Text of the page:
The hybrid technology reduces pollution, fuel consumption and engine maintenance costs
The Seattle-based shipyard that launched the world's first hybrid diesel-electric tug two years ago plans to retrofit a second one with the cleaner, more fuel-efficient technology to help reduce pollution at California's Port of Long Beach.
Foss Maritime Co., which launched the 78-foot diesel-electric Carolyn Dorothy to much fanfare in January 2009, will retrofit a sister ship, the Dolphin class harbor tug Campbell Foss, using a $1 million port grant awarded by the California Air Resources Board. Both tugs are serving the port.
"Hybrid isn't anything new," says Susan Hayman, Foss's vice president of environmental and governmental affairs. "We've watched the evolution of hybrid from cars and buses to locomotives."
When railroads started using hybrid diesel-electric power "it piqued our interest," she says. "We needed to be looking at this."
Last year, the California board funded a comparative study of the harbor operations of the Carolyn Dorothy and a conventionally powered sister tug, the Dolphin class Alta June. The results, published in October, showed that the Carolyn Dorothy released 73 percent less particulate matter, 51 percent less nitrogen oxide and 27 percent less carbon dioxide (greenhouse gas) than the Alta June.
Alta June is powered by two 2,540-hp main diesel engines, along with two 325-hp auxiliary diesels that supply power for the tug's "hotel" needs - lighting, air conditioning - and the winch. Carolyn Dorothy is powered by two smaller 1,800-hp main diesels, two 900 kW electric motors/generators that can assist the main diesels or act as a generator and recharge the 126 gel-cell lead acid batteries, and two 425-hp auxiliary diesel generators to supply electricity for hotel needs.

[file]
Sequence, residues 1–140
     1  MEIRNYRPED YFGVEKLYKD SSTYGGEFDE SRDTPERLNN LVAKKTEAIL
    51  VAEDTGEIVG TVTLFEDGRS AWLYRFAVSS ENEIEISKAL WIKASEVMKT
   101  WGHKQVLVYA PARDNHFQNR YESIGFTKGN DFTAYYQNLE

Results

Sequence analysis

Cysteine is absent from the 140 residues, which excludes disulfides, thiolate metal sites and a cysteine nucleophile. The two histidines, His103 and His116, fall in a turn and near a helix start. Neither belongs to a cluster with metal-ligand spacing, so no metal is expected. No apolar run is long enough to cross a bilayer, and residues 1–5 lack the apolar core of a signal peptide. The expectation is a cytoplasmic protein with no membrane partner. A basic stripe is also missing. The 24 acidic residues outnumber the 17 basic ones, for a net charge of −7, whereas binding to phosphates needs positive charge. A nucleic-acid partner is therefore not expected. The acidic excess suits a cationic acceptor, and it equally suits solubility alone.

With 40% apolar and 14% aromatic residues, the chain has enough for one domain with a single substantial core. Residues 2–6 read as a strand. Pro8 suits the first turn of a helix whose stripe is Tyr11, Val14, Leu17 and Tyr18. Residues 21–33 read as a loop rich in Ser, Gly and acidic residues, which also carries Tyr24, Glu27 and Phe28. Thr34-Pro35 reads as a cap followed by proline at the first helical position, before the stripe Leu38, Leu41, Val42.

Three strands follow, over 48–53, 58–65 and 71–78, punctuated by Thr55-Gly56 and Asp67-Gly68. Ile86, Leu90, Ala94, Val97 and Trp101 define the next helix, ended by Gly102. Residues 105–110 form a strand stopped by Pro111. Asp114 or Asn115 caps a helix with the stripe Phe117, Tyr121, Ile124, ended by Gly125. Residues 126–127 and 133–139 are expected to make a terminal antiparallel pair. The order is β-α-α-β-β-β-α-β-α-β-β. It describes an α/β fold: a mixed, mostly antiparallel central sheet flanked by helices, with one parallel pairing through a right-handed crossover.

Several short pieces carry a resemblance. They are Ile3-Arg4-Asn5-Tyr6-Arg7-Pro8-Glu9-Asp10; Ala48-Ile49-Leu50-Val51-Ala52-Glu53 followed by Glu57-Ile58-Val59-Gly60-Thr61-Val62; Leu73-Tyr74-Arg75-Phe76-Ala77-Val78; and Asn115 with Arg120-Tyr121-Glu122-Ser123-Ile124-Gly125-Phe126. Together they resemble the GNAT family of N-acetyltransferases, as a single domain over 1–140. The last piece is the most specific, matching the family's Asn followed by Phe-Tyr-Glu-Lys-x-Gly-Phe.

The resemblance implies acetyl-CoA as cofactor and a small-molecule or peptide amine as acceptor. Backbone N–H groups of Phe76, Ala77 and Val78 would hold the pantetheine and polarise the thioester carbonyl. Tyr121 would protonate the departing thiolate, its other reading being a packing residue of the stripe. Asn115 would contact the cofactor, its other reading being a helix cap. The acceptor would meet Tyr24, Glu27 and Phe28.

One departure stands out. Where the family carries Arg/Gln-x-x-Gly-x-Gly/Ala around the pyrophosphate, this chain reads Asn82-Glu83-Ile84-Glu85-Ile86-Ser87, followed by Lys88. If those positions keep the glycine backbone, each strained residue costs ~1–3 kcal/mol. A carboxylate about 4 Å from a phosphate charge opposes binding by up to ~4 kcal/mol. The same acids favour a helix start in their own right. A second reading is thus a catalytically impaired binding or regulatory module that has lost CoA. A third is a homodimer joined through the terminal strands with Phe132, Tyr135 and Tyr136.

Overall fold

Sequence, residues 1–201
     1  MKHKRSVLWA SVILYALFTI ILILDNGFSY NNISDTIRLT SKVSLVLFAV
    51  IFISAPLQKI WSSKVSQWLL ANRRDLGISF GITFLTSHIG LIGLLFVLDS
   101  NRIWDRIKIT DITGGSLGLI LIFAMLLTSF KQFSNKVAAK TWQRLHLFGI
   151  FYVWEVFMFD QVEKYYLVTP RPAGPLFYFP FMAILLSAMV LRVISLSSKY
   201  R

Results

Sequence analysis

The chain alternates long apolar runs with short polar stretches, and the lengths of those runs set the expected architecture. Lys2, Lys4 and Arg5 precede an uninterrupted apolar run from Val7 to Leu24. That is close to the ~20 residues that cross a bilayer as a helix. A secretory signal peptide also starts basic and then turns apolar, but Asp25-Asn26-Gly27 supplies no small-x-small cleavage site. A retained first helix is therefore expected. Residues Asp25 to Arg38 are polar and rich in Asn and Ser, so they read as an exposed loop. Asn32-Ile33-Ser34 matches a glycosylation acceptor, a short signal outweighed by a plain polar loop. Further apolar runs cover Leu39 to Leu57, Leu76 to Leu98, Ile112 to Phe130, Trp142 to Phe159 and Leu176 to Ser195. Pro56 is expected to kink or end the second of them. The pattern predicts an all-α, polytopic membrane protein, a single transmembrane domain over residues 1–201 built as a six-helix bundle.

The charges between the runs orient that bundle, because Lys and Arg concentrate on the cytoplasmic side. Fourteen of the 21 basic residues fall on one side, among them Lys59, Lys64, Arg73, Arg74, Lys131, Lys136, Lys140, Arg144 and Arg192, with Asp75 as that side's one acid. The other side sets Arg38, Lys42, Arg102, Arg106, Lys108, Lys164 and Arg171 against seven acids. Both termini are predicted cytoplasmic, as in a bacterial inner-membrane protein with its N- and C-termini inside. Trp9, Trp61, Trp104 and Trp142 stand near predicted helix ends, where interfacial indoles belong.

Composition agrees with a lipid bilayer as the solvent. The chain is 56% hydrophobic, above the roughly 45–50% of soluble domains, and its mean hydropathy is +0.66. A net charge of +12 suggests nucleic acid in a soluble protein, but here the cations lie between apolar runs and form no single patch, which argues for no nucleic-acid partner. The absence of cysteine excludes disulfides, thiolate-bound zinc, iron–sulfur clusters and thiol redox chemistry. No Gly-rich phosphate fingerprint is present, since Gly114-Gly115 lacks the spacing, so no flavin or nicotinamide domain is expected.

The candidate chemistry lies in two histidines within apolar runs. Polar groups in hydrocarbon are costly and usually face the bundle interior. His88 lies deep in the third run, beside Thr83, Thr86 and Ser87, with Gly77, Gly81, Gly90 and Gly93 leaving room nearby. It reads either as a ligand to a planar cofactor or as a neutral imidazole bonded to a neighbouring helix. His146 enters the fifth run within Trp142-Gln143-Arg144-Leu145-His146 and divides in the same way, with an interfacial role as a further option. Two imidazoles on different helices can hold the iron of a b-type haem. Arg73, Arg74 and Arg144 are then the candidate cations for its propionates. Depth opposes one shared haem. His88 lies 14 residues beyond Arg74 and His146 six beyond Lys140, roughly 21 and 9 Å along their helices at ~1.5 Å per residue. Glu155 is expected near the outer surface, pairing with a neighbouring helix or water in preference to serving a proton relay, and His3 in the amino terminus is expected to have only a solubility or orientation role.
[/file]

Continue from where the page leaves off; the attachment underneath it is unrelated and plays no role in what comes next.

Hayman says harbor tugs in the ports of Los Angeles and Long Beach spend 60 percent of their time operating at less than 20 percent of their full power potential and 95 percent of the time at less than 67 percent of that potential, yet a conventional tug will have its main diesels running all the time when it is operational.
The hybrid tug can use different combinations of its power system, depending on its power needs. The main diesels and electric motors/generators work together when the tug is assisting a ship. The tug only runs its auxiliary diesel generators when it is in transit in the harbor (one generator is sufficient to power the tug up to 6 knots, two of them for more than 6 knots).
At idle, no motors are running and the batteries supply hotel needs. Stopped and tied at the dock, shore power provides for hotel needs and recharges the batteries.
"The main engines are off over 50 percent of the time," Hayman says. "They only run the main engines when they're moving a barge or doing a ship assist."
Foss estimates that Carolyn Dorothy's hybrid system cuts fuel consumption by 100,000 to 150,000 gallons a year, a savings of $200,000 to $300,000 annually, and reduces main-engine maintenance costs.
Carolyn Dorothy cost $8 million to build, about $2.5 million more than a conventionally powered tug, Hayman says. She says the higher cost can be recouped in 10 years, maybe much sooner, depending on how high fuel costs rise in coming years.
"The model [for hybrid] is very sensitive to fuel prices and operating hours," she says. "When fuel is up around five bucks, I think we'll be getting a lot of calls."
Foss built the Carolyn Dorothy at its shipyard in Rainier, Ore., and plans to begin the four-month retrofit of the Campbell there in March. The refit is expected to cost $2 million. Campbell Foss will keep her main diesels, so they'll be bigger than the Carolyn Dorothy's and she will carry fewer batteries.
Hayman believes hybrid propulsion can be applied successfully to any large vessel that spends a lot of time "loitering, hanging around, transiting" - ferries, anchor handling and supply vessels, excursion boats. Maybe even megayachts.
"Hybrid technology for yachts makes a lot of sense," she says. "They do a lot of loitering. It's also noiseless when you're just working on batteries. It's very, very quiet."
This article originally appeared in the February 2011 issue.